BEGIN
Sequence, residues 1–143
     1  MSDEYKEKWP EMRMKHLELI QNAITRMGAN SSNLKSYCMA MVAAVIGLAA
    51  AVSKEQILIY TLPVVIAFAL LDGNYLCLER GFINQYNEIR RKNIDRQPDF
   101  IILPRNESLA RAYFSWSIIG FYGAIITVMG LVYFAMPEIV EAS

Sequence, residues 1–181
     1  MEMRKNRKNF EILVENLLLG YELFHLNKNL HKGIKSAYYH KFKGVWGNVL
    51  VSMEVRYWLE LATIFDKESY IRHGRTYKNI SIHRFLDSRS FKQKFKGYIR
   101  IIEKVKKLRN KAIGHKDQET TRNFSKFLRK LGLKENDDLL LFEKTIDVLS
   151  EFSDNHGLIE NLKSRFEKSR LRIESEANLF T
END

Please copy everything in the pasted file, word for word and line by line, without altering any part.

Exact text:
Sequence, residues 1–143
     1  MSDEYKEKWP EMRMKHLELI QNAITRMGAN SSNLKSYCMA MVAAVIGLAA
    51  AVSKEQILIY TLPVVIAFAL LDGNYLCLER GFINQYNEIR RKNIDRQPDF
   101  IILPRNESLA RAYFSWSIIG FYGAIITVMG LVYFAMPEIV EAS

Sequence, residues 1–181
     1  MEMRKNRKNF EILVENLLLG YELFHLNKNL HKGIKSAYYH KFKGVWGNVL
    51  VSMEVRYWLE LATIFDKESY IRHGRTYKNI SIHRFLDSRS FKQKFKGYIR
   101  IIEKVKKLRN KAIGHKDQET TRNFSKFLRK LGLKENDDLL LFEKTIDVLS
   151  EFSDNHGLIE NLKSRFEKSR LRIESEANLF T